The eastern United States was under a weather siege Sunday as a furious winter storm packing heavy snow, ice, gale-force winds and tornadoes rolled out of the Midwest and continued its unforgiving march across the nation.
Tens of thousands of customers were without power in Georgia, North Carolina, South Carolina and Florida. Highway patrols reported hundreds of vehicle accidents, and a tornado ripped through a trailer park in Florida. More than 1,200 Sunday flights at Charlotte Douglas International were cancelled – more than 90% of the airport’s Sunday schedule, according to the tracking website flightaware.com.
The impact of the storm varied greatly from neighborhood to neighborhood. Jackson, Mississippi, saw trace amounts of snow early Sunday while 25 miles to the northeast, the hamlet of Goshen Springs was blasted by more than 8 inches.
Southern cities were on alert. Nashville could get 3 inches of snow, other parts of Tennessee a foot of snow. A tractor-trailer crash near the Tennessee River closed I-40 eastbound in Humphreys County. The Tennessee Highway Patrol reported a backup stretching several miles.
The streets of Charlotte, North Carolina, were covered early Sunday, and the National Weather Service called for snow accumulations of 2 to 7 inches in parts of the state.
"Power outages and tree damage are likely due to the ice," the weather service warned. "Travel could be nearly impossible."
Thundersnow was reported near Waynesville, North Carolina. Accuweather said a strike of lightning was detected during heavy snowfall. Thundersnow is unusual but can happen in strong snowstorms, Accuweather said. Some of the state was blanketed in a foot of snow.
First Sgt. Christopher Knox, a spokesman for the North Carolina Highway Patrol, said that by midafternoon, the agency had responded to 300 car crashes and nearly 800 calls for service.
Two people died Sunday when their car drove off the road and into trees in a median east of Raleigh, North Carolina.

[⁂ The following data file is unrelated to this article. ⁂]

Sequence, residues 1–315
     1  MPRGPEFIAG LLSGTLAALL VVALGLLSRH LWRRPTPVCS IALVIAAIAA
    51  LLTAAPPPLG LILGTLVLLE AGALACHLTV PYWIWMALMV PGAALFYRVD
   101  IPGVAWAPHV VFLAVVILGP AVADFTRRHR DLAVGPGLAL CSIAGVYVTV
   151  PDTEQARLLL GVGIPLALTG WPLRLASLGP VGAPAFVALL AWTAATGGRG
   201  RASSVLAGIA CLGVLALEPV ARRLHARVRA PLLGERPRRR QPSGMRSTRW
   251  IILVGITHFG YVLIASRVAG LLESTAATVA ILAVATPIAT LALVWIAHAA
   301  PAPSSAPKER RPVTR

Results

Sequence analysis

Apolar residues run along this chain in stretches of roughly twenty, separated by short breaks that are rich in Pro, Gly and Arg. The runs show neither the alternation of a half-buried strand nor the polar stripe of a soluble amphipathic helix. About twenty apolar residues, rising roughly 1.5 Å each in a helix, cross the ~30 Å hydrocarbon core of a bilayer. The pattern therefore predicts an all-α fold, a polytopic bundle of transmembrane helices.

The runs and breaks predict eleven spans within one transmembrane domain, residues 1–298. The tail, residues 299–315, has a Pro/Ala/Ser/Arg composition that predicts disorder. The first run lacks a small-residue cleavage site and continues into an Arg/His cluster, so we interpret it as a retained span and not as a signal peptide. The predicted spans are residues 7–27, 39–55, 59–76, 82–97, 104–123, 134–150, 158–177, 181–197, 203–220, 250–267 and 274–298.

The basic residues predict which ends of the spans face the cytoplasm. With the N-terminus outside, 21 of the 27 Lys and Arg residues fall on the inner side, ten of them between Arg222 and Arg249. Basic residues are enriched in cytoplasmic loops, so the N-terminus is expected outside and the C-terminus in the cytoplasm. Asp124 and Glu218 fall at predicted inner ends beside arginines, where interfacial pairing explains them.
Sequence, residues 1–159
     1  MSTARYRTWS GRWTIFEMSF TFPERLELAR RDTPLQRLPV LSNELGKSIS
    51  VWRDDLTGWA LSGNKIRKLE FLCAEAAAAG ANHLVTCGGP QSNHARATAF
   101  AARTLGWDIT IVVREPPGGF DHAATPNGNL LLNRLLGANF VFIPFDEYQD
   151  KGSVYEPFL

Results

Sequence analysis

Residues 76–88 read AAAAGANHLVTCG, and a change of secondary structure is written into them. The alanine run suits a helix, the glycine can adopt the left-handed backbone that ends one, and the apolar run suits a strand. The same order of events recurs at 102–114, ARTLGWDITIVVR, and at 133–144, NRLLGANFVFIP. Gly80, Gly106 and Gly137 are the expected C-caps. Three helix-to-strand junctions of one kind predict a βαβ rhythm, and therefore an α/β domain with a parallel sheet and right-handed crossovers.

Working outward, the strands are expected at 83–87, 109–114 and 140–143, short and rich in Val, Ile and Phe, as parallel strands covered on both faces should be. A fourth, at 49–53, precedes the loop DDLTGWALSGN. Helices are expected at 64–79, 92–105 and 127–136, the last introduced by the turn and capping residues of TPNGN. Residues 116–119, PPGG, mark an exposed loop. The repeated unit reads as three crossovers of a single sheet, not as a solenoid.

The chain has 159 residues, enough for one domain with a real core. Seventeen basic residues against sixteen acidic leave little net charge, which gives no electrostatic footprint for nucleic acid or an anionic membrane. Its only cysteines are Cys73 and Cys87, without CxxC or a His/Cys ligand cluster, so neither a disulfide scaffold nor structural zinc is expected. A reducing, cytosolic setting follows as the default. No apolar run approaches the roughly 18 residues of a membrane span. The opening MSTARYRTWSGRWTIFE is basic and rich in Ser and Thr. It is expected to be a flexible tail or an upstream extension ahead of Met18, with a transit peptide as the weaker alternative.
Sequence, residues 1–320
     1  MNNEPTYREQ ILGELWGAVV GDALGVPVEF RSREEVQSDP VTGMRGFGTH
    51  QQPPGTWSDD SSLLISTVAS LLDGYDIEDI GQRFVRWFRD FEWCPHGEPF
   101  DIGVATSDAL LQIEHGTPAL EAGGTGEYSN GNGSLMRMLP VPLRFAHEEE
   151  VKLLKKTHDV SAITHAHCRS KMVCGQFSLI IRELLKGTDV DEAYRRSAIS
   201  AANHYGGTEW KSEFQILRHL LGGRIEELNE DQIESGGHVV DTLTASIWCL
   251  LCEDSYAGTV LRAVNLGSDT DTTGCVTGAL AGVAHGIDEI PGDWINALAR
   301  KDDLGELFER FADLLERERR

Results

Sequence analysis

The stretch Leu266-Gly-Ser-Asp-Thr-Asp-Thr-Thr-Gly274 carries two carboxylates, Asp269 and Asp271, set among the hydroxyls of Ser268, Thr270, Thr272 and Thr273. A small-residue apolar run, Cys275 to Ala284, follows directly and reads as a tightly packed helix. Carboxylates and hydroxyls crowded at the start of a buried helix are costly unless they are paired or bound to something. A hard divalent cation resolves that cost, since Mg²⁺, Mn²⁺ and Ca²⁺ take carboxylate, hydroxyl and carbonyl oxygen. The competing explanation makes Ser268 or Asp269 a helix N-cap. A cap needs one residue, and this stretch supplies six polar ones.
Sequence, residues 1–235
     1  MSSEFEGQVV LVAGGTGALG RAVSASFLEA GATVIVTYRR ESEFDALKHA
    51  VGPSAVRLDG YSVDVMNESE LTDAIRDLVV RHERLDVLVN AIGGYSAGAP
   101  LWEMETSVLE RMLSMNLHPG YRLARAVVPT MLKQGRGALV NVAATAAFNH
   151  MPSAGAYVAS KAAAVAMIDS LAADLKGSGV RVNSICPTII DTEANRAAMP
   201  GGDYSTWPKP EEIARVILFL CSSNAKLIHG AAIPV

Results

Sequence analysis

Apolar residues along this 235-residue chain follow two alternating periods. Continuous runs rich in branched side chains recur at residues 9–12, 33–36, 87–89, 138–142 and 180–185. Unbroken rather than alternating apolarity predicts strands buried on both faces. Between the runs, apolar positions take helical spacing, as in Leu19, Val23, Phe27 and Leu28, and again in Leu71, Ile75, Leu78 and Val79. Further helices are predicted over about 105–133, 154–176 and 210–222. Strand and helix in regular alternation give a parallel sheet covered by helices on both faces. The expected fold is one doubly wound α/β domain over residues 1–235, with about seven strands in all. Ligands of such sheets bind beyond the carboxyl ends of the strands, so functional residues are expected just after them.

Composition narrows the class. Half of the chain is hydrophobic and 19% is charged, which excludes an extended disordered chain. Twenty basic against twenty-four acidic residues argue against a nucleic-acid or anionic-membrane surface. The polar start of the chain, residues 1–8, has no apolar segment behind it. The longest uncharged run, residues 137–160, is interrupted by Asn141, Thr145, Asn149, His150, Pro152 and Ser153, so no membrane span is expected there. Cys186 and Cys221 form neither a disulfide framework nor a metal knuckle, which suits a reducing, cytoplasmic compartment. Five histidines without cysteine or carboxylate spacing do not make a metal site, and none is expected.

The driver and passenger, both 41-year-old South Carolina residents, were pronounced dead at the scene of the single-vehicle crash. Knox said investigators believe the car was driving too fast for the conditions, described as mixed winter precipitation.
Elsewhere, 1 to 4 inches of sleet, snow and ice was forecast for the Atlanta area as well as other parts of Georgia and South Carolina.
“Hopefully, the storm will underdeliver, but it could overdeliver. We just don’t know,” said Georgia Gov. Brian Kemp, who declared a state of emergency.
A tornado with 118 mph winds touched down in southwest Florida on Sunday and traveled almost two miles, the National Weather Service confirmed.
Lee County Commission Chairman Cecil Pendergrass said 62 homes in the tornado’s path were suffered major damage to the point where they were unlivable. Three minor injuries were reported.
Edward Murray, 81, was in his mobile home at Windcrest and Point Breeze in Cottage Point Trailer Park on Sunday morning when a tornado picked up the structure and tossed it on top of a neighbor's home.
"That’s my house that’s turned upside down," he said. “The tornado took me off my feet blew me toward the east wall and buried me under the sink, refrigerator, kitchen chairs and everything else.”
The storm, dubbed a "Saskatchewan screamer" because it originated in the Canadian province of Saskatchewan, left more than a foot of snow in Des Moines, Iowa, over the weekend. The Ozarks town of Canaan in Arkansas saw a foot of snow.
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The storm headed into the Northeast, dropping snow, sleet and rain around the densely populated Eastern Seaboard. Washington was forecast to see up to 3 inches of snow followed by a round of ice. Parts of the metro area already saw more snow in one week this month than in the past two years.
Parts of Western Pennsylvania could get a foot of snow, forecasters said. Officials across New England warned residents to stay indoors Saturday as a blast of Arctic air drives wind chill temperatures as low as minus 35 degrees.
Contributing: The Associated Press, Naples Daily News
This article originally appeared on USA TODAY: Dangerous winter storm punches South with heavy snow and tornadoes